Can You Play Guitar Without Reading Music?
If you are new to playing the guitar, you might be a bit nervous about having to learn theory in order to read music.
Studying notes, finger placement and sheet music may seem intimidating. On the other hand, it is possible to learn to play without technical or formal training.
Some people find it easier to ‘play by ear’, especially guitar notes. This involves hearing a melody and then playing it back or improvising it. Is it essential, however, to learn music theory in order to play an instrument?
Can you learn guitar without reading music? Yes, you can play the guitar without being able to read music. As a beginner, if you can match up the sounds you hear with the notes they represent, then you can indeed teach yourself to play without studying music theory. The style of genre you wish to play will directly influence this. Classical and jazz will require reading sheet music whereas pop and rock leave more room for interpretation and improvisation.
When you have the desire to learn how to play the guitar, I know from experience, you just want to pick up the instrument and make music! Unfortunately, it is not always that easy.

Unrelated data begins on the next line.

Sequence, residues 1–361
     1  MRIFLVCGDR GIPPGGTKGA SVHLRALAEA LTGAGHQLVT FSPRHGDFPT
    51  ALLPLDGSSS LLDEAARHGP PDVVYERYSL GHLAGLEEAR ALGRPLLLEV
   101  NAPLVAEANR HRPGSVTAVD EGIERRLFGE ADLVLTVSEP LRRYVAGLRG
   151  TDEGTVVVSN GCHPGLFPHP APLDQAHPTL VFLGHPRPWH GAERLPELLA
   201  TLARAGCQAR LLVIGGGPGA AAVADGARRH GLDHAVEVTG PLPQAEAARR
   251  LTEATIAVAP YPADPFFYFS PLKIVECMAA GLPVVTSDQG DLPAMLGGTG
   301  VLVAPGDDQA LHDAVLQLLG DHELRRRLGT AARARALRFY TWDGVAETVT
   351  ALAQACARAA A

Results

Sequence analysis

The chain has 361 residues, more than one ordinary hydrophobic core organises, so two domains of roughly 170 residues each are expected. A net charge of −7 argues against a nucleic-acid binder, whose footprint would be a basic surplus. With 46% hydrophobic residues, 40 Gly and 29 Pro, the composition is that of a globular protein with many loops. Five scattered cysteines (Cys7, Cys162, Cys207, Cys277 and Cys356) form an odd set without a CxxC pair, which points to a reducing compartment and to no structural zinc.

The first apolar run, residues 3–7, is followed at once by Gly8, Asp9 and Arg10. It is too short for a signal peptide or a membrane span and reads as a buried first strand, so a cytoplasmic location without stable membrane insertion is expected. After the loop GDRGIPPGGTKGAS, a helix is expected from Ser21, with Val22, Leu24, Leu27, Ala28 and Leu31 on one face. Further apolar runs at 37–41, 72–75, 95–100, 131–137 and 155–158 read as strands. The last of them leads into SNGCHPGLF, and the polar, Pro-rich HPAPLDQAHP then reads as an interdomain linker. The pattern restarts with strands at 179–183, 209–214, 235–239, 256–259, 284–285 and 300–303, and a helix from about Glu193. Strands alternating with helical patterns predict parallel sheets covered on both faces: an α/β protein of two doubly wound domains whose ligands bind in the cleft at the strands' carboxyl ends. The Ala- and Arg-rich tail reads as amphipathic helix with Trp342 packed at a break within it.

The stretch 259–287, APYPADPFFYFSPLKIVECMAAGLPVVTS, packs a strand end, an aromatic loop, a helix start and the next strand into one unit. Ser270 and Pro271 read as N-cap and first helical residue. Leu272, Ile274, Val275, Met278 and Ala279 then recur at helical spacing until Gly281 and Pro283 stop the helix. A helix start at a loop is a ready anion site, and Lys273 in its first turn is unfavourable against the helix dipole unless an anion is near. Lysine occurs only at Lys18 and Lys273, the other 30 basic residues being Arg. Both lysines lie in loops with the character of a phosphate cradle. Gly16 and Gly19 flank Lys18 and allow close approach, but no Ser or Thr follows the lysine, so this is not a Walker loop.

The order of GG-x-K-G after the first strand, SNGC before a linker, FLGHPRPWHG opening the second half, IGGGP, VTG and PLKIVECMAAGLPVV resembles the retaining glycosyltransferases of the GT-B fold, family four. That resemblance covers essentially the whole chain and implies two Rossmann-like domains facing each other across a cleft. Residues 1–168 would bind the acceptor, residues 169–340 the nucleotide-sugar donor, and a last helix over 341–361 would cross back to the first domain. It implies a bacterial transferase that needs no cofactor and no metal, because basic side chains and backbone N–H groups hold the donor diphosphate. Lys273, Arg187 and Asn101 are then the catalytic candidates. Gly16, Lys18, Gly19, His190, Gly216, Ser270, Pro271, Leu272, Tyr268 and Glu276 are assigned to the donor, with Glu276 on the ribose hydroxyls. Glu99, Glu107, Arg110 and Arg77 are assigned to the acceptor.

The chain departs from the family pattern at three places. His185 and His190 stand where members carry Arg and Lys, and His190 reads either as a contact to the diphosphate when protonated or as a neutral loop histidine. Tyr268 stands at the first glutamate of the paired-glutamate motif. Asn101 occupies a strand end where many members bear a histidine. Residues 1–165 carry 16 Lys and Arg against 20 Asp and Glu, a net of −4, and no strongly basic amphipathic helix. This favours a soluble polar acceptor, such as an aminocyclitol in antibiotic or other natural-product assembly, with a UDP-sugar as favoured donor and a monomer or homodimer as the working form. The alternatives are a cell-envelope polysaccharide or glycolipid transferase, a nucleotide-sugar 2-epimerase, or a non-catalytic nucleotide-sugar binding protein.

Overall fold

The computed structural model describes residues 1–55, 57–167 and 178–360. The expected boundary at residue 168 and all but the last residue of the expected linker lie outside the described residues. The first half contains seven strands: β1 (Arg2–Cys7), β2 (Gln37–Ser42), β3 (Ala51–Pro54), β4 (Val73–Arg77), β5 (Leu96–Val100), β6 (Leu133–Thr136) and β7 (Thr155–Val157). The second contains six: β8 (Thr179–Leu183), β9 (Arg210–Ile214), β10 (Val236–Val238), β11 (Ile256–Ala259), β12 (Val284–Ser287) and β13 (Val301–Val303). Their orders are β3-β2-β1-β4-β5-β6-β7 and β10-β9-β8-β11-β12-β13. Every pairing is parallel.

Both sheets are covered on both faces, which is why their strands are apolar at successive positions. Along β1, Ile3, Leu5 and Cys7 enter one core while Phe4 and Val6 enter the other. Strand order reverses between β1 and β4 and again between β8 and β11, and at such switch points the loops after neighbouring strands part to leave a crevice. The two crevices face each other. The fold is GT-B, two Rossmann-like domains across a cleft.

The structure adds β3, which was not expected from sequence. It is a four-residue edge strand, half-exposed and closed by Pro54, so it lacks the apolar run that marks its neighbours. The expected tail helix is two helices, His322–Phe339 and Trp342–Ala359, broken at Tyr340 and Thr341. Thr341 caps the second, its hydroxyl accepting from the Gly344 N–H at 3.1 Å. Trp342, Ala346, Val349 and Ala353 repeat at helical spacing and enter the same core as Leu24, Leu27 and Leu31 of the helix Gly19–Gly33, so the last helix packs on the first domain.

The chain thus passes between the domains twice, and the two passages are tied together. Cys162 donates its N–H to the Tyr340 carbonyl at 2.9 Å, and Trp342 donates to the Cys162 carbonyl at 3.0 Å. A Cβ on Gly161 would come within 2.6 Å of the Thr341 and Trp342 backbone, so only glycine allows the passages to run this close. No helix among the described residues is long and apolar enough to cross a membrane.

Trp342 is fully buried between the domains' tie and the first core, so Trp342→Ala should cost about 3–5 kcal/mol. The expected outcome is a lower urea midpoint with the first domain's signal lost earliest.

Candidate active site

Some people will have a knack for ‘playing by ear’ whereas others will not. In this article, we will explore the idea of playing the guitar without reading music in more detail.
So, if you are ready to learn more, then please read onward…
Guitarists Who Can’t Read Music
There are some famous guitarists who, it is believed, did not read sheet music. How could that be possible?
Famous musicians, who can’t read music?
Yes, apparently artists such as (but not limited to) Eric Clapton, Jimi Hendrix, members of The Beatles and Elvis Presley (to name a few) could not read music but rather learned to play songs ‘by ear’.
For me, it is hard to believe that rock and roll icons such as Hendrix and Clapton couldn’t read music.
They apparently could either teach themselves how to replicate the sounds they heard or were able to memorize their fingerings for the songs they played SOURCE.